Potentially life-saving hand signal to indicate distress spread on TikTok
GREEN BAY, Wis. (WBAY) - We often hear about the negatives of social media and apps like TikTok for children. However, just last week the platform potentially saved a 16-year-old girl’s life from an alleged kidnapper.
The domestic violence hand signal of trapping the thumb underneath four fingers which started in Canada during the pandemic, now has amplified potential intervention across the globe. It is the same sign that was used by a 16-year-old last Thursday, November 4, out the window of a silver Toyota driven by 61-year-old James Herbert Brick as they headed south down I-75 in Laurel County, Kentucky. The young woman was reported missing by her parents two days prior in her home state of North Carolina. Flashing the hand signal she had learned on TikTok, a nearby motorist recognized it and called 911. Reading mile markers of where the silver Toyota was, the Laurel County Sheriff’s Office was able to box in the alleged kidnapper’s car off an exit. The teen was eventually reunited with her family.
Thanks in part to TikTok.
“TikTok loves to share resources and things like that,” Ellen Moorhouse, communications director for Women’s Funding Network, said. The Canadian Women’s Foundation, one of the 120 member organizations under the Women’s Funding Network, created the original TikTok video. “To truly see it take on a life of its own is ultimately the goal. A tool is only as good as those of us who use it. Seeing it come to life in that way through the power of women helping women, I think it reached nearly every country. It was translated into multiple languages, and now ultimately saving lives, which I think is just paramount.”
Child abduction cases are few and far between here in Northeast Wisconsin, according to De Pere police captain and incoming chief Jeremy Muraski. However, when it does happen, Muraski shared that getting as many people involved as quickly as possible can make a significant difference when setting up a perimeter or deploying resources.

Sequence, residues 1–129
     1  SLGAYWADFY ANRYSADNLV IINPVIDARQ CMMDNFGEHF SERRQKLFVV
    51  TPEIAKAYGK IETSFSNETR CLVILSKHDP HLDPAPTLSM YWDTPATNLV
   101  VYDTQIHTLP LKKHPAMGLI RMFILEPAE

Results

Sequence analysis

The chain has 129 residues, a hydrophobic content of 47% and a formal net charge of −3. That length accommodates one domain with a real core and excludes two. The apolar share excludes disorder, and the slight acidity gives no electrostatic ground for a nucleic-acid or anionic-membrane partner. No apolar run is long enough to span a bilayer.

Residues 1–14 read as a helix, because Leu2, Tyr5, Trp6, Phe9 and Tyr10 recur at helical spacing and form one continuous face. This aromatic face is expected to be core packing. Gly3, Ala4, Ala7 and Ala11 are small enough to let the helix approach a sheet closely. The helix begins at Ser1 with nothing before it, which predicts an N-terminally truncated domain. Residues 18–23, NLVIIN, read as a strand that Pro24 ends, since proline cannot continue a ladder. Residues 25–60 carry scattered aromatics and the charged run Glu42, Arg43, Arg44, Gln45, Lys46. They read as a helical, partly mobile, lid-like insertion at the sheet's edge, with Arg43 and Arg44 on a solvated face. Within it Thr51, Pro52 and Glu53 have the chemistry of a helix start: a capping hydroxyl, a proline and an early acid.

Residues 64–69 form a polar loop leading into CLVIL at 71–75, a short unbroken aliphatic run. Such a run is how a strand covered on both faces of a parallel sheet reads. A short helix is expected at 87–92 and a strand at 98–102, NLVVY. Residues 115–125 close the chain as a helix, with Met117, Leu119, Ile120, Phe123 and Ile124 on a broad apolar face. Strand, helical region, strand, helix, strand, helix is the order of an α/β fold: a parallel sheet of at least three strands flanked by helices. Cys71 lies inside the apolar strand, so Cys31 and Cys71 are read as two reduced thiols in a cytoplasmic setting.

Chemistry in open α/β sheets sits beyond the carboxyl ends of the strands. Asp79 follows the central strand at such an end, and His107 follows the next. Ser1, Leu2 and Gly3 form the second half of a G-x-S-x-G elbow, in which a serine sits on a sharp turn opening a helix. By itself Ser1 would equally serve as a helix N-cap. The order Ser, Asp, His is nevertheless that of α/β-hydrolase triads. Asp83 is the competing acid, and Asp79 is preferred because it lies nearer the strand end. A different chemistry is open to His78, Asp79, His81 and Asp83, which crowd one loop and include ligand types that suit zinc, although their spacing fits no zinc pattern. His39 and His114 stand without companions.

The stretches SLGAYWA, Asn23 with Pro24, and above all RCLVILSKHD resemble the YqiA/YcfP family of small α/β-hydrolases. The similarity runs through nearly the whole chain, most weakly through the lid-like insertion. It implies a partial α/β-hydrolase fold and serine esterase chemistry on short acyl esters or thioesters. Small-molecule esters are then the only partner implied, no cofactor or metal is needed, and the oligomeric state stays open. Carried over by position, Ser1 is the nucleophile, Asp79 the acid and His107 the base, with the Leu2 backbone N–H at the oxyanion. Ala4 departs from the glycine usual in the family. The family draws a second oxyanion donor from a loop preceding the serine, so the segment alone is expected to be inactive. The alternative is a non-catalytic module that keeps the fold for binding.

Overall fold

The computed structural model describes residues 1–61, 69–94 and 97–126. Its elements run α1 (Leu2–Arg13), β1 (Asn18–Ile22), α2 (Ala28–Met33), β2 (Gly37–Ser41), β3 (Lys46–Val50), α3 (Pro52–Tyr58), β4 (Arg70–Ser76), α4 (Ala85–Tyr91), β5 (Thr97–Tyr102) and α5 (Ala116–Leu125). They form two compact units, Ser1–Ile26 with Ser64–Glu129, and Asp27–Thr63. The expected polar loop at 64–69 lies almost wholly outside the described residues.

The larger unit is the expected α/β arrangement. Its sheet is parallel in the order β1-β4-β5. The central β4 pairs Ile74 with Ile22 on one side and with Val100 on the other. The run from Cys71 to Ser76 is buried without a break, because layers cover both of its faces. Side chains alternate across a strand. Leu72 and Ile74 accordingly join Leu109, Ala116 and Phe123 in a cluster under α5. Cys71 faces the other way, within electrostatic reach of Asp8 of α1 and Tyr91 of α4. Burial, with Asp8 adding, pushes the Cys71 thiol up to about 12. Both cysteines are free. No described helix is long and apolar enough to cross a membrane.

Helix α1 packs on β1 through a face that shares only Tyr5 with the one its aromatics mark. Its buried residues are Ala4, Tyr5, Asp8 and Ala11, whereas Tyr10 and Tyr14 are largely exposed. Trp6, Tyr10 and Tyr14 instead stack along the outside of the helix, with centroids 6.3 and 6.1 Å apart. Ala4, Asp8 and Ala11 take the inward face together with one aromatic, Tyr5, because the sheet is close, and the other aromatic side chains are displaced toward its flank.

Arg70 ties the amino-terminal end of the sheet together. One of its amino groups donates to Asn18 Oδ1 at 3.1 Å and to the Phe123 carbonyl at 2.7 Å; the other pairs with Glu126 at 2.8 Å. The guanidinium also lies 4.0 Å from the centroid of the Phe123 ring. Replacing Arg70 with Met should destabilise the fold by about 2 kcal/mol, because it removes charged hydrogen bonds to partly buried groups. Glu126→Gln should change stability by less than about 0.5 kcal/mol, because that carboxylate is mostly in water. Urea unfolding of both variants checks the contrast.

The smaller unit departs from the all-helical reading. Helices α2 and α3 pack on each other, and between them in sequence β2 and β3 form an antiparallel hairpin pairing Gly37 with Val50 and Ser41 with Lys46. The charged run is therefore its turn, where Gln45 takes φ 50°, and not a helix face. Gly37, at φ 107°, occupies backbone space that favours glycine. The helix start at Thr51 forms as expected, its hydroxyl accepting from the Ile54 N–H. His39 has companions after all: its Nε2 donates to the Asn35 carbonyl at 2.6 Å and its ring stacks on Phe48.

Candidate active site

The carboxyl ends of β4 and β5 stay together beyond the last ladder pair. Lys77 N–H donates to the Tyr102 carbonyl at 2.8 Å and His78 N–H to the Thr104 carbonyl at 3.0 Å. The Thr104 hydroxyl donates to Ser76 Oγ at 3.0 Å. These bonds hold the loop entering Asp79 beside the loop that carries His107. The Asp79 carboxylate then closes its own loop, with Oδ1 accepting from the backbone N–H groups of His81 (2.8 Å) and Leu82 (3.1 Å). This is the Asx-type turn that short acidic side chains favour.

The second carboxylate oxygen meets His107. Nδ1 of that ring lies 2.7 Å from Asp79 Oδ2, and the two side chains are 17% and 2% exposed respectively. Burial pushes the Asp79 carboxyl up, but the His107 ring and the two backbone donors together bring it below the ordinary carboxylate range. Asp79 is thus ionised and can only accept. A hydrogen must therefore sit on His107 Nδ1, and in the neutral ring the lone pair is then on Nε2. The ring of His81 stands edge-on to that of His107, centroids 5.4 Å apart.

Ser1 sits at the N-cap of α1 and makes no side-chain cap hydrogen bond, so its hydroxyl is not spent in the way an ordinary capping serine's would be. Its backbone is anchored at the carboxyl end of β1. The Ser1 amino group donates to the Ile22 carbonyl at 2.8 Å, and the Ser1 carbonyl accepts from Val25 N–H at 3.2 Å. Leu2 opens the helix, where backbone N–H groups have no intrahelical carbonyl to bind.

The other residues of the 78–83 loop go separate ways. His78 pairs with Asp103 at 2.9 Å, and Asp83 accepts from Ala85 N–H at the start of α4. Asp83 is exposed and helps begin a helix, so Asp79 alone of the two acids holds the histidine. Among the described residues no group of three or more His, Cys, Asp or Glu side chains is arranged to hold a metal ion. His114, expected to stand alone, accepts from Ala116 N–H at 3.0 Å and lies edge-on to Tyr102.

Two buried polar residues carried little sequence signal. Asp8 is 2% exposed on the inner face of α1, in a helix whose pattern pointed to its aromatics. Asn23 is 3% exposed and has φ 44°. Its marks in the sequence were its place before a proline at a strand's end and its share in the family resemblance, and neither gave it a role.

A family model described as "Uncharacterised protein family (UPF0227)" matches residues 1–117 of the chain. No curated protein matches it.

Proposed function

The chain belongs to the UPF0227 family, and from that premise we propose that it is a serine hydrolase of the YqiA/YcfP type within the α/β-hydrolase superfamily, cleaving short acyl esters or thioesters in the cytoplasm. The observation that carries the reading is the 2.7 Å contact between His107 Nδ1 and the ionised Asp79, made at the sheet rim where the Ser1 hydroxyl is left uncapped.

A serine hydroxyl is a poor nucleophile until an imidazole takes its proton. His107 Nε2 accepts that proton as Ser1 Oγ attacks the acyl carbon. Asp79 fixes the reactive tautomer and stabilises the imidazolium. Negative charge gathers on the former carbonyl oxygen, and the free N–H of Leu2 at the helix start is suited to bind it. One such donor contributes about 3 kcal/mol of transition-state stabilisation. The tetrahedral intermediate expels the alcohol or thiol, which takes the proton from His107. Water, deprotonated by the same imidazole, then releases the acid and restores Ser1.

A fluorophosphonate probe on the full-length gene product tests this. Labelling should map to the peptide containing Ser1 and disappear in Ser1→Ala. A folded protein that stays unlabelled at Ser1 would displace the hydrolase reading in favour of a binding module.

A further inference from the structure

“If the passing motorist observes that signal and calls 911 immediately, that is the very first step in getting that response started,” Capt. Muraski said. “That’s why the hand signal is so important. It tells somebody right away, ‘Hey, I’m in trouble. I need some assistance.’ Then, hopefully that message gets relayed to us immediately and we know right where to go to try to assist that person.”
“This one small tool won’t save everyone,” Moorhouse added. “It’s not the be-all end-all. If a woman needs a bed in a shelter, there are so many ways that we can help. But this tool is just one of them. I think for me, I’d like to get us to a point a little further up the stream. This is a last ditch effort for me. You need help, she’s in that car, she makes that signal, that is the moment she needs help.”
While social media can help, online users can also be the root of the problem. Messaging minors to meet up, according to the National Center for Missing and Exploited Children, is far more common than stranger abductions, which compose less than 1% of nationwide missing child cases.
“That online safety, where we have seen certainly suspects who meet our youth and they travel sometimes hundreds of miles to pick them up,” National Center for Missing and Exploited Children case management director, Leemie Kahng-Sofer, explained, “then, that youth becomes a victim.”
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